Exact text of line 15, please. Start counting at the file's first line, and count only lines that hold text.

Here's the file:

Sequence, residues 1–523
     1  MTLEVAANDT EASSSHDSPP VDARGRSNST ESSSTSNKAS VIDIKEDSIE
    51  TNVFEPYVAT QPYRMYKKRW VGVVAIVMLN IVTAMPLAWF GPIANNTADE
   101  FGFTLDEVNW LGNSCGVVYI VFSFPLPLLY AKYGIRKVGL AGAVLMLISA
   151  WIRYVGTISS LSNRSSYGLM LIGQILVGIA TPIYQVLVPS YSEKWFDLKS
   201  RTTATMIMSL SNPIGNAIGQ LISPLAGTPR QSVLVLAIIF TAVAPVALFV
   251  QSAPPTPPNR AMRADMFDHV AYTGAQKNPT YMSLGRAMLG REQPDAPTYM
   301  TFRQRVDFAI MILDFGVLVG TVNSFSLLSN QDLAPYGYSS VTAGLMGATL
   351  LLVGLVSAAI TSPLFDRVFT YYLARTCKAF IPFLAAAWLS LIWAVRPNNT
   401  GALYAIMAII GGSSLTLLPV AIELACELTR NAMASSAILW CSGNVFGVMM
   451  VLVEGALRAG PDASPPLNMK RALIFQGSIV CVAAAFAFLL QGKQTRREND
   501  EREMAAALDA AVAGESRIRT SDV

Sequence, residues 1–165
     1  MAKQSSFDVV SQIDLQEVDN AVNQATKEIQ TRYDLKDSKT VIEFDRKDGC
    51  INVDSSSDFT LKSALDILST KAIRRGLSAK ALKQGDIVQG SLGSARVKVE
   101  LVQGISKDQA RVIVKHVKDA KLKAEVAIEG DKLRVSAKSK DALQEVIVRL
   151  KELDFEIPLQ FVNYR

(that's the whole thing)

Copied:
    51  INVDSSSDFT LKSALDILST KAIRRGLSAK ALKQGDIVQG SLGSARVKVE